Mind! I don’t mean to say that I know, of my own knowledge, what there is particularly dead about a door-nail. I might have been inclined, myself, to regard a coffin-nail as the deadest piece of ironmongery in the trade. But the wisdom of our ancestors is in the simile; and my unhallowed hands shall not disturb it, or the Country’s done for. You will therefore permit me to repeat, emphatically, that Marley was as dead as a door-nail.
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The pirate attack had been a complete surprise: a sure proof that the unscrupulous Hook had conducted it improperly, for to surprise redskins fairly is beyond the wit of the white man.
By all the unwritten laws of savage warfare it is always the redskin who attacks, and with the wiliness of his race he does it just before the dawn, at which time he knows the courage of the whites to be at its lowest ebb. The white men have in the meantime made a rude stockade on the summit of yonder undulating ground, at the foot of which a stream runs, for it is destruction to be too far from water.
Toby is a little star dog which is living in the space and who is observing and watching the stars arround him.
One day he finds something that changed his life. It is the beginning of a wonderful adventure...
A new children story in video edition!!!
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There was once an old man and an old woman. The old woman had a hen and the old man had a rooster; the old woman's hen laid two eggs a day and she ate a great many, but she would not give the old man a single one. One day the old man lost patience and said: "Listen, old crony, you live as if you were in clover, give me a couple of eggs so that I can at least have a taste of them."
"No indeed!" replied the old woman, who was very avaricious. "If you want eggs, beat your rooster that he may lay eggs for you, and then eat them; I flogged my hen, and just see how she lays now."
The old man, being stingy and greedy, listened to the old woman's talk, angrily seized his rooster, gave him a sound thrashing and said:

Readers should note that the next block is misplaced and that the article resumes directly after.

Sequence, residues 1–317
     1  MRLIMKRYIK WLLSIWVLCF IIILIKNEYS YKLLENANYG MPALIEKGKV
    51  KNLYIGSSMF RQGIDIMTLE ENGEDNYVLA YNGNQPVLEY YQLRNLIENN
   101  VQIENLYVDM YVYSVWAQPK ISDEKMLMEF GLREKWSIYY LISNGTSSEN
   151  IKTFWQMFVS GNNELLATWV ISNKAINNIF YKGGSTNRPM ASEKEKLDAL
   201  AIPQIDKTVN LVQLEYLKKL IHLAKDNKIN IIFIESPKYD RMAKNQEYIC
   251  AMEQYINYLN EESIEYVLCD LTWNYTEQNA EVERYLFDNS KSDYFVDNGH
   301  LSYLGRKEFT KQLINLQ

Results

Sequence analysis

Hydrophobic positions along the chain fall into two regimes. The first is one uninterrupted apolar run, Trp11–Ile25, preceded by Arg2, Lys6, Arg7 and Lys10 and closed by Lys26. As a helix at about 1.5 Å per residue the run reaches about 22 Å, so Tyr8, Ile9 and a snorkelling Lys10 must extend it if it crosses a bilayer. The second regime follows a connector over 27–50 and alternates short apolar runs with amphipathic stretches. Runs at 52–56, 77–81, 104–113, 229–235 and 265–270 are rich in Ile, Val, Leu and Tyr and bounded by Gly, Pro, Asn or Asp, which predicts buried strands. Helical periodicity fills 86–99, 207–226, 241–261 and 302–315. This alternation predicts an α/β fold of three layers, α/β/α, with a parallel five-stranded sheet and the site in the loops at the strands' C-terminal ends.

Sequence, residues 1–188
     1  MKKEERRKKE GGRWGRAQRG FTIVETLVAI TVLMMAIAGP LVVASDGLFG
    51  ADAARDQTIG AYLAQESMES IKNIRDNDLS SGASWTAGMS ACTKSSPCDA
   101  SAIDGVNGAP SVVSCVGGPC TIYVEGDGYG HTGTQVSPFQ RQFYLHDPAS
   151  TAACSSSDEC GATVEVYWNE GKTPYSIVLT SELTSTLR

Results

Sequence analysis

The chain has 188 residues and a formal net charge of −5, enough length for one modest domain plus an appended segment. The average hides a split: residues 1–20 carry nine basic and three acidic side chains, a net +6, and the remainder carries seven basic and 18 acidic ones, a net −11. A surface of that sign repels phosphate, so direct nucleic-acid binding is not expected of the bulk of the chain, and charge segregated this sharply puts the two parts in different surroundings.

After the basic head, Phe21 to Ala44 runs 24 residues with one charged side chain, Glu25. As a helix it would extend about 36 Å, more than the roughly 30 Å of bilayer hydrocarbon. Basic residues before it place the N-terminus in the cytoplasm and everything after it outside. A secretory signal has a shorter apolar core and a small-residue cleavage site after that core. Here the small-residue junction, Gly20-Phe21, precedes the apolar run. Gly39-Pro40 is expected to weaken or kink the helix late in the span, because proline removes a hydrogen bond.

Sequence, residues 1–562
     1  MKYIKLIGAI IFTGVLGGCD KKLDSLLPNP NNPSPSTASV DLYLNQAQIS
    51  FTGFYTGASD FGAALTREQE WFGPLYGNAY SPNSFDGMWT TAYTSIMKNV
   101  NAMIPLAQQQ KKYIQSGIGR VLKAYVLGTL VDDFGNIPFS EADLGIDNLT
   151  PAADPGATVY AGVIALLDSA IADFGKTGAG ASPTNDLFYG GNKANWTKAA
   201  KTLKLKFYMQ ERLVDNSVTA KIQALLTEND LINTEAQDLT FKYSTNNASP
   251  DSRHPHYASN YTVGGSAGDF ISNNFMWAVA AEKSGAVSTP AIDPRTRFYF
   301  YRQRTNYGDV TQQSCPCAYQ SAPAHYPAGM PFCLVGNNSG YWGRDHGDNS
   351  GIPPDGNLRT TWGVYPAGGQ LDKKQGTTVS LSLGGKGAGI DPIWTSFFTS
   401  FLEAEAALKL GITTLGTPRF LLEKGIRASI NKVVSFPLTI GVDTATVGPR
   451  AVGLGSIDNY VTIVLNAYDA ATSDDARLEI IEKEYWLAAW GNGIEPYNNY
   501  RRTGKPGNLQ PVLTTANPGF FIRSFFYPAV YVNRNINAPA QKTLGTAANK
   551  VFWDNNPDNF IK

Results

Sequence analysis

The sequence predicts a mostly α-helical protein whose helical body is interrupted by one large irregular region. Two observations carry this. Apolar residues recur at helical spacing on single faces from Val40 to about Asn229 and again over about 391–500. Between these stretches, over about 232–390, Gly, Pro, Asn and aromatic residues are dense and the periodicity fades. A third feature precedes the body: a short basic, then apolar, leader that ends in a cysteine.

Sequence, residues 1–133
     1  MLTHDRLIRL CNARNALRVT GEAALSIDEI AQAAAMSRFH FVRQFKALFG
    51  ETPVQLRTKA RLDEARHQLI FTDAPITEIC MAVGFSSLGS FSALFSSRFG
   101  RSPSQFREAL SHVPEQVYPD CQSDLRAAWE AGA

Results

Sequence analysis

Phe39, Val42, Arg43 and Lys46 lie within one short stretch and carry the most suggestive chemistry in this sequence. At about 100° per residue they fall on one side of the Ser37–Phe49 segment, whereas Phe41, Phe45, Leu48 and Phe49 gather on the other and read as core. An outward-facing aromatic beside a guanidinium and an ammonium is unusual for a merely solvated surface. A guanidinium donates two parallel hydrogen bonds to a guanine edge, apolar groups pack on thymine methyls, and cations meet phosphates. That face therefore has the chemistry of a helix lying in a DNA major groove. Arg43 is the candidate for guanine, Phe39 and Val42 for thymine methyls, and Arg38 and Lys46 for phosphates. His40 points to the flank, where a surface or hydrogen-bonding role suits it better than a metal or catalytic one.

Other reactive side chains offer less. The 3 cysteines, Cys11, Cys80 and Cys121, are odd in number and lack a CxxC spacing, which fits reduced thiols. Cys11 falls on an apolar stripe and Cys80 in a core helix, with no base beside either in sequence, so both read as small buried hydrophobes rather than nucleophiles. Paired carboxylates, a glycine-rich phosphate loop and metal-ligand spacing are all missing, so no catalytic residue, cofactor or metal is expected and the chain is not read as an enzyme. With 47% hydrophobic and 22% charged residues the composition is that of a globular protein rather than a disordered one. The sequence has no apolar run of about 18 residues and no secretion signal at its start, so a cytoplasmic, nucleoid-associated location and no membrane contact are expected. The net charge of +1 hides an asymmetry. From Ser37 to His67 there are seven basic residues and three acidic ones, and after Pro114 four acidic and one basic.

"There, now, lay some eggs for me or else go out of the house, I won't feed you for nothing any longer."
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"Listen, then, said Wendy, settling down to her story, with Michael at her feet and seven boys in the bed. "There was once a gentleman -- "
"I had rather he had been a lady," Curly said.
"I wish he had been a white rat," said Nibs.
"Quiet," their mother admonished [cautioned] them. "There was a lady also, and -- "
"Oh, mummy," cried the first twin, "you mean that there is a lady also, don't you? She is not dead, is she?"
Long, long ago there lived in Kyoto a brave soldier named Kintoki. Now he fell in love with a beautiful lady and married her. Not long after this, through the malice of some of his friends, he fell into disgrace at Court and was dismissed. This misfortune so preyed upon his mind that he did not long survive his dismissal--he died, leaving behind him his beautiful young wife to face the world alone. Fearing her husband's enemies, she fled to the Ashigara Mountains as soon as her husband was dead, and there in the lonely forests where no one ever came except woodcutters, a little boy was born to her. She called him Kintaro or the Golden Boy. Now the remarkable thing about this child was his great strength, and as he grew older he grew stronger and stronger, so that by the time he was eight years of age he was able to cut down trees as quickly as the woodcutters. Then his mother gave him a large ax, and he used to go out in the forest and help the woodcutters, who called him "Wonder-child," and his mother the "Old Nurse of the Mountains," for they did not know her high rank. Another favorite pastime of Kintaro's was to smash up rocks and stones. You can imagine how strong he was!